Montana private hospitals could lose funding due to state ban on vaccine mandates
ASMA KHALID, HOST:
Montana hospitals will likely soon face a dilemma. If they want to continue to receive federal dollars from the Centers for Medicare and Medicaid Services, all their employees must be vaccinated against COVID under a planned rule. Problem is Montana is one of two states that has barred private businesses from having vaccine mandates. Dr. Scott Ellner is CEO of Billings Clinic, one of the largest health care systems in Montana, and he joins us now. Welcome to the show.
SCOTT ELLNER: Great to be here, Asma.
KHALID: Can you begin by giving us a sense of just how many of your staff members have been vaccinated?
ELLNER: So far, out of our roughly 5,000 employees, about two-thirds of them have been vaccinated for the COVID vaccine.
KHALID: So this - the Center for Medicare and Medicaid Services vaccine mandate is supposed to go into effect any day now. So presumably, you all would lose a lot of funding.
ELLNER: Yeah, that's correct. If we were required by CMS to mandate the vaccine and lose that funding, it would be unsustainable for us to continue clinical operations. That's roughly 51% of our revenue today, so hundreds of millions of dollars that - it would impact us.
KHALID: Have you had conversations with - whether it is the Center for Medicare and Medicaid Services, CMS officials or officials there in the state of Montana - about the predicament you all find yourselves in?
ELLNER: We have not had any formal conversations. It is a topic that we are discussing. However, we're still waiting for guidance on when or if that mandate will come out through CMS before we really do anything.
KHALID: Have you all tried to, you know, educate or persuade staff who have been hesitant to get the vaccine? And how have those conversations gone, if you've had them?
ELLNER: We've had many one-on-one conversations. Our physicians have talked to our staff directly about the importance of the vaccine. We have engaged in weekly town halls about the scientific research that supports the vaccine as being very effective. And, you know, there is a lot of misinformation out there, unfortunately, that continues to exist. And we're battling that misinformation, as well.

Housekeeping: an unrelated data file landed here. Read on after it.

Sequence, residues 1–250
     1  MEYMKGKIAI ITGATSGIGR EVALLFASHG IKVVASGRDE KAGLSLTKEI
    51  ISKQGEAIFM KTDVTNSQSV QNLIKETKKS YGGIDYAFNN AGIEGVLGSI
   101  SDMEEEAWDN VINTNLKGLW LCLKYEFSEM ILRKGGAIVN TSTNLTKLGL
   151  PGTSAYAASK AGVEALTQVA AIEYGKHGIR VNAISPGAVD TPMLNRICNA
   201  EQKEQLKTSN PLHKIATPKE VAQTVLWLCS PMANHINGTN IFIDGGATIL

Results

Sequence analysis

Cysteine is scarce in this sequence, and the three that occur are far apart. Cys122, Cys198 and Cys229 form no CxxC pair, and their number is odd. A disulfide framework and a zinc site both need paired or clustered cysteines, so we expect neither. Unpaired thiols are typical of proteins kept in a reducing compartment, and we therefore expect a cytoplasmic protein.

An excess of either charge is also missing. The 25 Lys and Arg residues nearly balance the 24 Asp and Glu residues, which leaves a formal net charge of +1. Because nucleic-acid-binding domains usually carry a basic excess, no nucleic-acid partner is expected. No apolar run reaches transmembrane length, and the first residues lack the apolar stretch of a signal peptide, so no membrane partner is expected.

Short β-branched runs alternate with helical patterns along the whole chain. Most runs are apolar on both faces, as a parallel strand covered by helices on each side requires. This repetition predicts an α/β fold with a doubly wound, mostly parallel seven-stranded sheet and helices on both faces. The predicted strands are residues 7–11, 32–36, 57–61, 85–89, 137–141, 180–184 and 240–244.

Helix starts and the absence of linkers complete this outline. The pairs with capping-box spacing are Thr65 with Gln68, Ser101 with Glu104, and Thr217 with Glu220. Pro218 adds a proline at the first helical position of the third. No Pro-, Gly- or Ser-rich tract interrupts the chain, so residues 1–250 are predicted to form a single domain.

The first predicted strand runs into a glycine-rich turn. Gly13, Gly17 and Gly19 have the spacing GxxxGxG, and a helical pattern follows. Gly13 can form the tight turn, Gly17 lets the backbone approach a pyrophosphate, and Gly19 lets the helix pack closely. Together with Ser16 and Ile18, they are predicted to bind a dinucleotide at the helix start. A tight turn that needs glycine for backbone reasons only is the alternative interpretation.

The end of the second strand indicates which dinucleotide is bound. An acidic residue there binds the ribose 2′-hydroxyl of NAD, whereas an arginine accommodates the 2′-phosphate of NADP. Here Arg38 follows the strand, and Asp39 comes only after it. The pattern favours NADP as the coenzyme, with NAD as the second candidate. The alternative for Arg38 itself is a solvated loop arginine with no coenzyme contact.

KHALID: Do you feel like the CMS mandate is unfair? I understand that the state has no mandates. But CMS is essentially, you know, saying, if you want these funds, you have to have all your employees vaccinated.
ELLNER: Yeah, it's going to be a difficult situation. You know, we have a state law that prevents us from mandating the vaccine. And then we have CMS, which could potentially withhold important funds to sustain and support our clinical services. It really is kind of a no-win situation for us either way. And what's happening is we're seeing the results of people unvaccinated dying. And 85% of our ICU patients today - and our ICUs are full; they're at 150% capacity - these people are dying who are unvaccinated. So we wish it was beyond politics and more about what we can do right for the patients.
KHALID: You know, you say you're waiting to decide what to do. But what really are your options? Is it to lobby the state? You know, is it to lobby the Center for Medicare and Medicaid Services? Is it to go to court?
ELLNER: We're having Zoom calls with our state legislators. We're also talking to others out there about, what if this does get to a legal challenge? And how should we navigate through that? So I would say, first and foremost, we're doing our part to make sure that the vaccine is available and that the best information on the science behind it is out there. And then we're talking to our elected officials about helping us educate the public about how important this is to get us through the pandemic.
KHALID: All right. That's Dr. Scott Ellner. He's CEO of Billings Clinic, a health care network in the state of Montana. Thank you, Dr. Ellner, very much. We really appreciate it.
ELLNER: Thank you. Transcript provided by NPR, Copyright NPR.